For the benefit of all the Boomers, retards, and civnats who don’t understand that China is not simply RED CHINER full of damn commies who jes’ wanna invade the USA because they hate us for our freedoms, it might be helpful to observe how the wrath of globohomo and its servitors is particularly reserved for the very powerful Xi Jinping, who unexpectedly succeeded Hu Jintao as China’s leader, after which he proceeded to kick Silicon Valley out of his country while jailing over 100,000 party officials, from the highest level to the lowest, in the largest anti-corruption campaign ever waged in the history of Man.
That is why the global media has waged an unstinting personal campaign against him that is now growing to a fever pitch courtesy of Rupert Murdoch in the aftermath of the recent submarine deal between the USA and Australia.
Under the headline ‘China’s the main game. Removing Xi is how to play it’ commentator Paul Monk, writing in The Australian, speculated that the only way to avoid a devastating conflict with China is to facilitate a coup and suggested it should be on the agenda at the upcoming Quad conference between Australia, the US, India and Japan – described as Asia’s NATO.
“Xi needs to be removed from power and a broad path to democratic reform opened up at long last in China,” says Monk. “The Communist Party must make the shift to democratic rule that Taiwan and South Korea made from the late 1980s. The Quad should openly call for such a transition.”
In support of his suggestion, he cites a recent article from former Aussie PM Kevin Rudd in which he suggested the Quad could “provide a rallying point for all those concerned about Xi’s jingoism and arrogance”.
Warming to his topic, Monk declares, “Xi must go, and with him the reactionary dictatorship and hubris he espouses. This must be our stance. It must be the stance of the Quad. It must be the mantra of all those seeking a peaceful, prosperous future for Asia and the world.”
This is total nonsense. There is no way to avoid conflict with China. China’s entire military strategy has been aimed squarely and specifically at undermining US military hegemony, even at the expense of its ability to wage regional war against its neighbors, since 1991, but China’s leaders have considered the USA’s encouragement of “a shift to democratic rule” to be war even before Deng Xioaping officially declared it to have replaced the Soviet Union as China’s primary threat.
Despite the Bush administration’s efforts, Deng’s comments about the United States changed dramatically beginning in 1989. Throughout most of the 1980s, as a review of his Selected Works makes clear, Deng would occasionally chide the United States for democratic arrogance or for interference in Taiwan, yet he did not refer to the United States as a threat. After 1989, he frequently denounced the United States in ideological terms. For example, in a private talk with several members of the CCP Central Committee just two months after his meeting with Scowcroft, Deng said there was now “no doubt that the imperialists want socialist countries to change their nature. The problem now is not whether the banner of the Soviet Union will fall—there is bound to be unrest there—but whether the banner of China will fall.”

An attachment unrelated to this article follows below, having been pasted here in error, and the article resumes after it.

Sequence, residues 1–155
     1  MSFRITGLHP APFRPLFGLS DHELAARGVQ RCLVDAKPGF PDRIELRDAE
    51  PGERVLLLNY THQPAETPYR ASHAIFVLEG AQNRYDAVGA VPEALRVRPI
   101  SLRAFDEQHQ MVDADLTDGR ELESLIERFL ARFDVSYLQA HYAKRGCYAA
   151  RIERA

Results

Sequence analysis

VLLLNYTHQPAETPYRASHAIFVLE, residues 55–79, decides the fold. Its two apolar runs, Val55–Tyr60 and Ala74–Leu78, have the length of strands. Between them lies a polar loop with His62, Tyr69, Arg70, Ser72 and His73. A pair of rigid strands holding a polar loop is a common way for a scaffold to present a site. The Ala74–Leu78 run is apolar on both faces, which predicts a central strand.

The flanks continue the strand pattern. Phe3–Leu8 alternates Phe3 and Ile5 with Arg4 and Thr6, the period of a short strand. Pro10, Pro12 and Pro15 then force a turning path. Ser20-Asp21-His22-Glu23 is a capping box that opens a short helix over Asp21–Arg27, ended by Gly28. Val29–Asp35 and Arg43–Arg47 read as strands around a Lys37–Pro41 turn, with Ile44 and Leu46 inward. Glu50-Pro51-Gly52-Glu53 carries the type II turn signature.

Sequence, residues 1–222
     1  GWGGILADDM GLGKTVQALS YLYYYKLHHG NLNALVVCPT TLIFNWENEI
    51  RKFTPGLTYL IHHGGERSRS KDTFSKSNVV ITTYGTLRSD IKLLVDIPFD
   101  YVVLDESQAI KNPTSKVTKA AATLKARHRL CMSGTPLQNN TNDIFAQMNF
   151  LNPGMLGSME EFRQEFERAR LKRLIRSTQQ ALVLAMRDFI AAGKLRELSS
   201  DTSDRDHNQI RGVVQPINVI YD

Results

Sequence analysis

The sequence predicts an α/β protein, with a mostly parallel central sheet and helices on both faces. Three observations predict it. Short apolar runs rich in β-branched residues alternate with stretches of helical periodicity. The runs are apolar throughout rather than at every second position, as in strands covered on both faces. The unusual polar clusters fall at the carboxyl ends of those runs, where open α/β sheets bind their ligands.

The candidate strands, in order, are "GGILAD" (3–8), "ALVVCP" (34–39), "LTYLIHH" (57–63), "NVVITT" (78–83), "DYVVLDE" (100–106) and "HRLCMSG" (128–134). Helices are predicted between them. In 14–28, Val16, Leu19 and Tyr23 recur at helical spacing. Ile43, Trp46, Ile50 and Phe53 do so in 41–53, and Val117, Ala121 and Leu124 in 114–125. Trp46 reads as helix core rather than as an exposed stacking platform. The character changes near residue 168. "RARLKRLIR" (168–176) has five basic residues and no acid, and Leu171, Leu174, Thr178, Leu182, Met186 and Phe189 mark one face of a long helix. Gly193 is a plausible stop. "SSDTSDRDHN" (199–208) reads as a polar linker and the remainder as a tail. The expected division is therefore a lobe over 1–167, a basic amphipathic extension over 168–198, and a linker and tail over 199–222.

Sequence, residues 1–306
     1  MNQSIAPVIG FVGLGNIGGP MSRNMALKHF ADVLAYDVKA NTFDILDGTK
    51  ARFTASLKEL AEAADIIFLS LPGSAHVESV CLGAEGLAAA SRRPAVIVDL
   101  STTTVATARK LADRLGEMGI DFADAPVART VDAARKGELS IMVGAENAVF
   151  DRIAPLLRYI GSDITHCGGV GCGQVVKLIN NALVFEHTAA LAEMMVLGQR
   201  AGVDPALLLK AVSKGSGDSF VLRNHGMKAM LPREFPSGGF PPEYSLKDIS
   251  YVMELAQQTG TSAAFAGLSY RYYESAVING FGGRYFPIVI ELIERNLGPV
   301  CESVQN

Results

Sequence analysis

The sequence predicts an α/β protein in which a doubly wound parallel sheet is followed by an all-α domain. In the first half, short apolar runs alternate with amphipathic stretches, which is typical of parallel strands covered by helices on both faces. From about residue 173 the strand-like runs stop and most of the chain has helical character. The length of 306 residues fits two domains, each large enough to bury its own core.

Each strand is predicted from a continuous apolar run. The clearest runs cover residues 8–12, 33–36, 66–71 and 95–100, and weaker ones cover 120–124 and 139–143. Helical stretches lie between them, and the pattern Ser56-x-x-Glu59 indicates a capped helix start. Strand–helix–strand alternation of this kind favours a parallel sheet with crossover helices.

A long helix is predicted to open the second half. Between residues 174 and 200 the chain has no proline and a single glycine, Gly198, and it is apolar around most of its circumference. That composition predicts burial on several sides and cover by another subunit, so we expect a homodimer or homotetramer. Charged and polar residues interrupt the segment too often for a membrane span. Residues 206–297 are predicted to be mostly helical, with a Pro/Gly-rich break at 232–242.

The sentiment became a common feature of Deng’s remarks, even his public ones. “The West really wants unrest in China,” Deng declared later that same month, “it wants turmoil not only in China but also in the Soviet Union and Eastern Europe. The United States and some other Western countries are trying to bring about a peaceful evolution towards capitalism in socialist countries.”
In Deng’s mind, this threat to China was a form of warfare. “The United States has coined an expression: waging a world war without gunsmoke,” he argued. “We should be on guard against this. Capitalists want to defeat socialists in the long run. In the past they used weapons, atomic bombs and hydrogen bombs, but they were opposed by the peoples of the world. So now they are trying peaceful evolution.” In a meeting with Richard Nixon after Tiananmen, Deng declared that the “United States was deeply involved” in “the recent disturbances and the counter-revolutionary rebellion” of the students and that “some Westerners” were “trying to overthrow the socialist system in China.
In a November 1989 address, he warned, “Western countries are staging a third world war without gunsmoke.” Then, in a talk with a visiting Japanese delegation, Deng elaborated on Western responsibility for the Tiananmen incident. “Western countries, particularly the United States,” he argued, “set all their propaganda machines in motion to fan the flames, to encourage and support the so-called democrats or opposition in China, who were in fact the scum of the Chinese nation. That is how the turmoil came about.”
Not only was the United States responsible, in Deng’s view, but its objectives were hostile: “In inciting unrest in many countries, they are actually playing power politics and seeking hegemony. They are trying to bring into their sphere of influence countries that heretofore they have not been able to control. Once this point is made clear, it will help us understand the nature of the problem.”THE LONG GAME: China’s Grand Strategy to Displace American Order, Rush Doshi
The reason globohomo fears Xi, and the reason a petty third-rate power is talking utter nonsense that provides China with a legitimate cause of war against it, is because Xi is, like Putin, a nationalist whose objectives are completely opposed to the satanic globalists who presently rule the United States, Britain, Australia, and Israel. Unlike Putin, Xi may not yet be viewed as a good guy in conventional Western terms, but he is appears to be the most bitter and formidable enemy of Mankind’s true enemy.